Wall Street is a difficult film to share an opinion on. It is not a bad film. The lead characters are cast well and Michael Douglas and Charlie Sheen work well together. It would have been interesting to see what kind of future career Sheen could have had if he didn't have his personal problems later in life. It is also fun to see Martin Sheen turn up as the father of Charlie Sheen's characters. It adds that nice extra layer when seeing the two characters interact together. The direction is top notch too with some good editing. I personally liked the idea of the split screens showing a number of scenes at once responding to the same situation.
The problem with Wall Street would not be there for everyone who watches it. Wall Street does have a very specific topic it addresses. It might sound harsh to say, but if you have absolutely no interest in stockbroking and the stock exchange then I would suggest avoiding this film altogether. Unless your a major fan of Douglas or Sheen then you may be able to tolerate it. It's not the most exciting topic and if your like me and have no interest, then all the talk will fly straight over your head. There were scenes of characters talking with me being completely clueless on what was being said. Because of this lack of interest, I found myself viewing 2 hours of dull and boring money talk.
My rating does not represent the overall film. It's made well and should be recognised for it, however it is only really there for a particular audience. A score right down the middle means that you will either enjoy it or dislike it depending on where you stand with your money.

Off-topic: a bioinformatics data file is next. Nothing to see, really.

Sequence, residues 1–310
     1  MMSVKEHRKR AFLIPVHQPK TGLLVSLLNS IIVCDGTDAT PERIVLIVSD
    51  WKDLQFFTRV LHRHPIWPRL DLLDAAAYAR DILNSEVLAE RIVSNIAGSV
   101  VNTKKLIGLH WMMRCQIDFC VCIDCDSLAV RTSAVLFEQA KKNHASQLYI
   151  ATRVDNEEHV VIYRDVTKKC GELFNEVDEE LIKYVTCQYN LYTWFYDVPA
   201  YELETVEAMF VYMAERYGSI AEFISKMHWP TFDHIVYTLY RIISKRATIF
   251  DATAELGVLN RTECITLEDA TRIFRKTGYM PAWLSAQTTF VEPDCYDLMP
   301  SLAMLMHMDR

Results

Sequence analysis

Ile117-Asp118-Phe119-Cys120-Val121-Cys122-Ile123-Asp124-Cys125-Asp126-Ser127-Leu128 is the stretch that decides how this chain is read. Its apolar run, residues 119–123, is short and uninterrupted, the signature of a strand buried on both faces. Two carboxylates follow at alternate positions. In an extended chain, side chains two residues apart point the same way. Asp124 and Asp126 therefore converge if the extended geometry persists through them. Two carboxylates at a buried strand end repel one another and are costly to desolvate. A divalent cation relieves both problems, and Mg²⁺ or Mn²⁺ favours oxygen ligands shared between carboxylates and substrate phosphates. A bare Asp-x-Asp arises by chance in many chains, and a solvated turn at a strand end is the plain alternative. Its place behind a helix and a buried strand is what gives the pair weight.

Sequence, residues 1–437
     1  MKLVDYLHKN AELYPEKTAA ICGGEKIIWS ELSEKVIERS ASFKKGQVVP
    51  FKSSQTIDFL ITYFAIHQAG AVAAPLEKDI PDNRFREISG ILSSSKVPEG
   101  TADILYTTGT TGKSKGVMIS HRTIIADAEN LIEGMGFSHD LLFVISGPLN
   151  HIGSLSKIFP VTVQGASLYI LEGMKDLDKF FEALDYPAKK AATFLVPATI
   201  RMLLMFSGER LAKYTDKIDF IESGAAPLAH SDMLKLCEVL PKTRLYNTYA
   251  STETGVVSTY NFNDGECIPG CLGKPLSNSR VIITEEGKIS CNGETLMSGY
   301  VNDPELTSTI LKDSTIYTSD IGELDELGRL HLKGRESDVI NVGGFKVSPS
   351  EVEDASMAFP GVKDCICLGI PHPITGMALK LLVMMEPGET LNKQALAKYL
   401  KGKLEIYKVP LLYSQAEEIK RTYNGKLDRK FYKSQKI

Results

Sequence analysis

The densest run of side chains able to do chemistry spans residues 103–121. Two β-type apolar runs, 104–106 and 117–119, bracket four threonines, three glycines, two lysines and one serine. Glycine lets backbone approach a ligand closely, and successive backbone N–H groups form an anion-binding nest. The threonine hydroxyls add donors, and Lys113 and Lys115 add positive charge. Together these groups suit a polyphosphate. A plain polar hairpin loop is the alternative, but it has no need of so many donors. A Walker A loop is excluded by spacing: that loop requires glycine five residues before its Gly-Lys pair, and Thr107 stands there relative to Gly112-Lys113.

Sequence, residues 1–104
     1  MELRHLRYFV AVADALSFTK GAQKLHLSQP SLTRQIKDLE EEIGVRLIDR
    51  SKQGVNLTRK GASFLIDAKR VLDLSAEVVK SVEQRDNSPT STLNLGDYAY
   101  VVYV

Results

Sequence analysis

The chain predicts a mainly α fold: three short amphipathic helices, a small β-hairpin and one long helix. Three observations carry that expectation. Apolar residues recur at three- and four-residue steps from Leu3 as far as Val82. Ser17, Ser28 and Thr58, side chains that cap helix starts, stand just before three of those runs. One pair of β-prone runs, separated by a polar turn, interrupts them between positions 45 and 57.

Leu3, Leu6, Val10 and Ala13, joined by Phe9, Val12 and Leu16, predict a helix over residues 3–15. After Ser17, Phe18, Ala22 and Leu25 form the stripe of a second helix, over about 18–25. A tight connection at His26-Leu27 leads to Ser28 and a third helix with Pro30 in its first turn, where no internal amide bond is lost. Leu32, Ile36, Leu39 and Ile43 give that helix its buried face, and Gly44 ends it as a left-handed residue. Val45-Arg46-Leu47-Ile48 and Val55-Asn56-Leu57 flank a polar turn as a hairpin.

July 25, 2014
Stockbrokers, corporate raiders, blue-collars, Securities and Exchange Commission.... these are not in my glossary.
September 4, 2007
Charlie Sheen kind of looks and acts like a poor man's Tom Cruise in this movie. Tom Cruise probably would've been in this movie and done a helluva a better job if he wasn't glowing from "Top Gun" at the time. All the stars go to Michael Douglas's portrayal of Gordon Gecko.
July 30, 2007
Kind of fun in a bad 80's movie type of way. But none of it really adds up, as most of the stuff we see Fox and Gekko do was not illegal at the time, certainly not from GG's end.
April 8, 2014
A nearly flawless movie about ambition, corruption, power and lust for all things.
April 2, 2014
While the film is a tad bit too long and not very subtle in it's overall message, Michael Douglas's portrayal of Gordon Gekko is what makes Wall Street a fun and captivating watch and probably offers Charlie Sheen's best performance ever.
March 29, 2014
This film is just as great as I thought it would be. With its mature and astute look at the culture of corporate greed that was prevalent back in the 80's, this film takes you through the eponymous Wall Street in ways that subsequent films never could. The characters were simply a joy to watch, driven by excellent acting and great lines, and this helps the plot immensely because the plot is driven by the characters themselves. The film's sense of style is also worth mentioning, because the overall look and sound of the film ties it to the time it was made and adds a sense of atmosphere. For me, the drama of this film couldn't be possible without all the elements being in the right place at the right time, and there are moments where I genuinely feel like I'm seeing the events unfold. In conclusion, Wall Street is a great film with a great message, delivered in a more subtle and artistic fashion than anything else like.